After whirlwind 2 years, Syracuse men’s basketball is right back where it started
Jessica Sheldon | Staff Photographer
Syracuse basketball’s two-year excursion through the unknown began on March 18, 2015. Then, Jim Boeheim had no planned retirement date. Mike Hopkins was just another assistant coach.
The email from Chancellor Kent Syverud to the Syracuse community that morning hardly addressed Boeheim and the basketball program. That day’s headline contained Daryl Gross, then-SU’s Director of Athletics, who resigned in the wake of NCAA sanctions 12 days prior following a years-long investigation into Syracuse athletics. After a decade at the helm, Gross ceded authority to Carrier Dome managing director Pete Sala in the interim.
The 11th paragraph of the email, 826 words in, revealed one of the country’s most storied college basketball programs was about to get a facelift: Boeheim, after 42 years in charge, would retire. A seismic shift in program power could change Syracuse basketball as everyone knew it, and a Boeheim-led system would cease to exist.
The planned retirement from a man who craves continuity created an unknown. No matter who was slotted to take over next — SU officially declared it would be Hopkins on June 25, 2015 — Syracuse basketball would be without Boeheim, and that was something wildly foreign.
Then began the past two years filled with one of the highest highs in program history, arguably the lowest low and the unknown whether Boeheim would actually grant authority to Hopkins following the 2017-18 season after all. In the end, after 12 hours Sunday in which the University of Washington announced Hopkins as its new head coach and Syracuse extended Boeheim’s contract (reportedly through 2021-22), we’re right back to where we started.
The man who has been Syracuse’s head coach for 41 years will be the head coach for now, for the near future, and for seemingly however long he wants to be, just as it was 732 days ago on the morning of March 18.
“I’m not going anywhere,” he told a crowd of around 700 at SU’s 2015 end-of-season banquet. Boeheim’s words on that March evening ring true today more than they ever have.
Frankie Prijatel | Staff Photographer
Those around the program will say Boeheim would rather keep things the same on a year-to-year basis. For one, he walks out of the tunnel in the Carrier Dome with the same time on the countdown clock before every game. In a February interview with The Daily Orange, former Syracuse star and current Orange staffer Eric Devendorf said one of the things he likes most about his boss is how the Boeheim he first played for at 18 is the same Boeheim he works for now 12 years later.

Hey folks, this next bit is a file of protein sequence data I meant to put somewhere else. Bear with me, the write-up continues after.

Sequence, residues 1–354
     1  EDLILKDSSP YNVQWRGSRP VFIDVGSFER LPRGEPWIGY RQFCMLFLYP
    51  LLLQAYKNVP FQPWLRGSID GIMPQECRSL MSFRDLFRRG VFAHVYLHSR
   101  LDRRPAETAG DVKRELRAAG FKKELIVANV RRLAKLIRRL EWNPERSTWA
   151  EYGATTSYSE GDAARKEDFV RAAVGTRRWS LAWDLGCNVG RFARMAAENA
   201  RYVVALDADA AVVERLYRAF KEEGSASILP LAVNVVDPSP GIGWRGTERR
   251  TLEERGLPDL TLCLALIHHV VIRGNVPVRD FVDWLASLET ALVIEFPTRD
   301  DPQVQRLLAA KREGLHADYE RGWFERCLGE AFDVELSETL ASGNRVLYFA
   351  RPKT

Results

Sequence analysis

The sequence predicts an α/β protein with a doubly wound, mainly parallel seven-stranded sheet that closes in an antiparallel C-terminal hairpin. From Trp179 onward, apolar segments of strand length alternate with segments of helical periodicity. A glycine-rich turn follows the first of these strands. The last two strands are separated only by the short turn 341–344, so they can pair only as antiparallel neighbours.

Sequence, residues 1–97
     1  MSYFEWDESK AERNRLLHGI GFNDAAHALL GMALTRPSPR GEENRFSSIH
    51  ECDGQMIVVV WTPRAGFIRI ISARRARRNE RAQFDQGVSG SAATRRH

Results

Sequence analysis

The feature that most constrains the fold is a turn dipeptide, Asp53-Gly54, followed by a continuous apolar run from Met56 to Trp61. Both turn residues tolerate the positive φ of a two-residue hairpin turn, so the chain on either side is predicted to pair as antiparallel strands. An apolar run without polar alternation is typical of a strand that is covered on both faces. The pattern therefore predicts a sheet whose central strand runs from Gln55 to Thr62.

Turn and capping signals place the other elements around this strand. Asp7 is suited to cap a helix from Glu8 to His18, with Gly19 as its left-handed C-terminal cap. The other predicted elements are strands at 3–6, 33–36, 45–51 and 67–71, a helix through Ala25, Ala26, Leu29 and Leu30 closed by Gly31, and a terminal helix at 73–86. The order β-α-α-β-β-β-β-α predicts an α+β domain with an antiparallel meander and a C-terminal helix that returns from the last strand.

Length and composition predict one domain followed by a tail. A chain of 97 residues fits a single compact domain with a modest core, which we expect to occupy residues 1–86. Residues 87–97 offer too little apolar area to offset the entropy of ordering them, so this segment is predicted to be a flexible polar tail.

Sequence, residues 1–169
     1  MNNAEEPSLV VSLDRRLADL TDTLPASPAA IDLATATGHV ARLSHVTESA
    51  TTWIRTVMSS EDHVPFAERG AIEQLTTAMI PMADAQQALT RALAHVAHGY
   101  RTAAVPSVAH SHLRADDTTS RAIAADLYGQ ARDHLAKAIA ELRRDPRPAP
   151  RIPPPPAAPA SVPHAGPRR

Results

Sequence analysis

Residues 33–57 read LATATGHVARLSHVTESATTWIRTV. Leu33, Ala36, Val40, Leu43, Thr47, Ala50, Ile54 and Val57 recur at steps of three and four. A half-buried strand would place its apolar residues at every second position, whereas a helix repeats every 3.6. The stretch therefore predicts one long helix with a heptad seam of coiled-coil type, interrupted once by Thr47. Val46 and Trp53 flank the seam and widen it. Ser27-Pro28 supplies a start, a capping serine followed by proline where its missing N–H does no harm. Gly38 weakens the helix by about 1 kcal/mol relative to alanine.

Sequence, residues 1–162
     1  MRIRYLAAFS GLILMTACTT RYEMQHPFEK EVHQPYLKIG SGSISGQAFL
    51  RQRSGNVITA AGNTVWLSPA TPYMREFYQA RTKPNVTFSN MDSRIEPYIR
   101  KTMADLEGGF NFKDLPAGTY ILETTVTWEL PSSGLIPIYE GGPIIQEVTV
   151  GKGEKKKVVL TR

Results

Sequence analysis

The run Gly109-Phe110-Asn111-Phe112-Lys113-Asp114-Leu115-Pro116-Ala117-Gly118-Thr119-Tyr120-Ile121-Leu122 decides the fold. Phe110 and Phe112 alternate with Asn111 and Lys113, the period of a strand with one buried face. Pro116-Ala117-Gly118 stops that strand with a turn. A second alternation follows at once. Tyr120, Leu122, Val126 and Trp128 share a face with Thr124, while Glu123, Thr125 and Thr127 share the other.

Boeheim seemed willing to undergo the biggest change of all, retiring, especially when his right-hand man was named his successor. The 72-year-old has stressed on multiple occasions the benefit of having a coaching staff with all Syracuse graduates — from director of operations Kip Wellman to video coordinator Todd Blumen — and it seemed certain that Hopkins would receive the torch from his mentor after next season until it seemed increasingly uncertain as Boeheim’s responses to the “retirement” question grew increasingly vague.
After losing to North Carolina in the 2016 Final Four, Boeheim claimed to be the happiest he’d ever been in 40 years as head coach. After a 33-point loss to St. John’s at home in December, Boeheim admitted he didn’t know what he was doing with this year’s team. On a handful of occasions between then, and as recently as the morning after beating Duke this season on the Dan Patrick Show, Boeheim audibled from that plan.
“There’s a plan in place and we’ll see what happens,” Boeheim told Patrick on Feb. 23. “I might be done this year.”
Now it seems as if Boeheim was simply trolling everyone. Maybe he intended to retire after next season if Hopkins stayed, maybe he didn’t. If anything, Jim Boeheim is Syracuse and Syracuse is Jim Boeheim, no matter what has transpired during the past two seasons.
He’s not going anywhere, just like he told you. Not anytime soon.
Published on March 19, 2017 at 11:41 pm